As fulltime rv'ers traveling this country towing heavy fifthwheels for many years we had diesel trucks of multiple brands over the years. The last one was the only Ram with Cummins. Wow, if we hadn't recently stopped traveling after putting 107,000 trouble-free miles on that Ram 3500 I'd be considering a new Ram diesel. That engine is amazing. Some have said Ram should go to a V8 diesel. I sure hope not. That Inline Six has the low end grunt and allowed us to pull those steep hills at maybe 2100 to 2300 rpm instead of the 3800 rpm our diesel trucks from the other brands used to do. And this Ram never had to have any oil added between the 10,000 mile oil changes. And it got better mileage than our other trucks, both towing and not towing. When we sold the truck at 107,000 miles the doors still sounded solid when closing and the power windows made no noise going up and down. In other words, this truck felt like it was just getting broken in. Ten years ago I'd never have thought I'd be saying this about a Dodge. But nothing makes a believer out of me better than experiencing it. I have passed my thoughts on to other friends who are also rv'ers, but who drove other brands, and several of them are now very, very happy with their Ram.

It doesn't matter. What ever Cummins and RAM makes is the best.

Turbo Yoda™ approved this message .


The "Would you buy a Ram if it didn't come with a Cummins" debate has often come up in the diesel forums and around the water coolers. It usually comes out the same with more people being more loyal to Cummins over Ram and if Ram dropped Cummins then they would probably switch to which ever truck make offered the Cummins. This is why some bring it up, but I will have to agree with you that it is a bit silly. This also not the first time that Cummins has been Chrysler's supplier of the year. They have won it many times before, but has never been broadcasted on PUTC. That and the fact that the internet makes it easy to spread info nowadays versus just ten to fifteen years ago. Other makes also have their supplier of the year award every year just like Chrysler.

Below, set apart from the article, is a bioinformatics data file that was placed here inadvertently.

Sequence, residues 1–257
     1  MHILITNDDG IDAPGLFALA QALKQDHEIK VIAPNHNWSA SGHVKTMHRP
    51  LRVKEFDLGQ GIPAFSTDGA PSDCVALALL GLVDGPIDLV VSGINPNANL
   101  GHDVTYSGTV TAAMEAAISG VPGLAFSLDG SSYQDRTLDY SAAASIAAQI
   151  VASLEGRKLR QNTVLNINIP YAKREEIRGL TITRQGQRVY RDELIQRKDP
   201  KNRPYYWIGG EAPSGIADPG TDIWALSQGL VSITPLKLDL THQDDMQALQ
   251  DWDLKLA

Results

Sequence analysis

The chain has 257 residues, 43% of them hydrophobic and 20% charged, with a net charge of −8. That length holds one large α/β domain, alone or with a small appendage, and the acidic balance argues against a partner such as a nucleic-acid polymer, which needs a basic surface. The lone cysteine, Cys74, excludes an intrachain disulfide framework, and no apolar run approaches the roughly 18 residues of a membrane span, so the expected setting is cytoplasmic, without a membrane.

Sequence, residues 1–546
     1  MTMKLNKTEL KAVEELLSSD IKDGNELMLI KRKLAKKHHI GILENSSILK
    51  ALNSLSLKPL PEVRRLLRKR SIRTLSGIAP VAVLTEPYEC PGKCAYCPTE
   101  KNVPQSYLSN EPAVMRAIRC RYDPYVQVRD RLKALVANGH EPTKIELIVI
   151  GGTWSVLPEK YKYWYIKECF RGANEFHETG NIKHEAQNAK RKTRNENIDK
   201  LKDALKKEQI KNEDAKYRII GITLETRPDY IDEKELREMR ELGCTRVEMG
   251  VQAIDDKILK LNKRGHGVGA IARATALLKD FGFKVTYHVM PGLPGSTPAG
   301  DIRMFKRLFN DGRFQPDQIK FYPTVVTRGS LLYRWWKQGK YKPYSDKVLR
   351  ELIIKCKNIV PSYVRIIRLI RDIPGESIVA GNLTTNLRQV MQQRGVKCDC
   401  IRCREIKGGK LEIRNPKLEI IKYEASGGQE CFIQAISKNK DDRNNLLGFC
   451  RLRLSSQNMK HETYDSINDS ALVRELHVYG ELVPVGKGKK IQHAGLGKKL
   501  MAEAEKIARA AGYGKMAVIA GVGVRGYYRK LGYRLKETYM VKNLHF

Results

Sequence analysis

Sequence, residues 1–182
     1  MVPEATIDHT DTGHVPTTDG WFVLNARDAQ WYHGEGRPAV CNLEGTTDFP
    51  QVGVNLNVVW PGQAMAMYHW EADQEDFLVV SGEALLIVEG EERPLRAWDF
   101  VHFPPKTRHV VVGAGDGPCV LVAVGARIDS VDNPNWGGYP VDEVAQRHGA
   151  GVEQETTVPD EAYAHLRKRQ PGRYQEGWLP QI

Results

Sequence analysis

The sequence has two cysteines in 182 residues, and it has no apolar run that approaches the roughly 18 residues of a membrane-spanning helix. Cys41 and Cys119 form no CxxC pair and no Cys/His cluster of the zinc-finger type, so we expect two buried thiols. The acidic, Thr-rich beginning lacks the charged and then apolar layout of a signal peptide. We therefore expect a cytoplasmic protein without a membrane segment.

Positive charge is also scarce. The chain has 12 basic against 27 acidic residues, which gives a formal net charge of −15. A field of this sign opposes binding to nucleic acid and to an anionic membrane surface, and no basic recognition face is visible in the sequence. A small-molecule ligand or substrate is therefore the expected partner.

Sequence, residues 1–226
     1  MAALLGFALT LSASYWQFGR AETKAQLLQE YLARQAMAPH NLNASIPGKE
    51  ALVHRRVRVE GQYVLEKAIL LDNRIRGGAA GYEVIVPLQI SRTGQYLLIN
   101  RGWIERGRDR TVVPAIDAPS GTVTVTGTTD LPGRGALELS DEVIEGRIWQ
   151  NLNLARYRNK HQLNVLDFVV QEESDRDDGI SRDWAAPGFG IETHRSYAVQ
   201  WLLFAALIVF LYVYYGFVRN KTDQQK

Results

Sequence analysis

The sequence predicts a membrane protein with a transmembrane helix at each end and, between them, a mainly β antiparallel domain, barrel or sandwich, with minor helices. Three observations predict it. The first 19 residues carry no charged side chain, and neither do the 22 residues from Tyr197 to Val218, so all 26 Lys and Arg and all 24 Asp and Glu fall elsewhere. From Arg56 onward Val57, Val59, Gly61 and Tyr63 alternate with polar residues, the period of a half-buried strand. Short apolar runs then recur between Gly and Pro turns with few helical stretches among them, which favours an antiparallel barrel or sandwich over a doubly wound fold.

It doesn't matter. What ever Cummins and RAM makes is the best.

Turbo Yoda™ approved this message .

Posted by: zviera | Jul 8, 2014 12:15:21 PM

Well said sir! Nobody does it better than RAM trucks! They have all the bases covered and then some!

I agree Ram makes the best HD truck right now. But competition is a good thing and I hope we all agree on that at least. I'm looking forward to the 2016 Super Duty because it will make Ram even better. Chevy? They have lost the plot completely, but I hope they can manage to stay in the game to keep the segment growing and competitive.

GM was the largest owner of Isuzu when they developed the Duramax 6.6L and subsequently purchased all the diesel designs and rights from Isuzu as a part of their divestiture of Isuzu.

So now that Nissan is going to use Cummins, Chrysler gives them an award?

@Joe, many suppliers supply to multiple companies, that doesn't mean they're not trusty suppliers to each one individually. Chrysler rejected the ISV, they must have assumed that this engine was up for grabs. I don't think Cummins needs to sign exclusivity agreements.

The Cummings engine has a square-block shape, if it was designed as a more rounded shape it would be more efficient and smoother running and better cooling transfer in every part of the engine.

@RAZOR: your point is? By the way, some GM trucks are built in Mexico. So your sister gains what?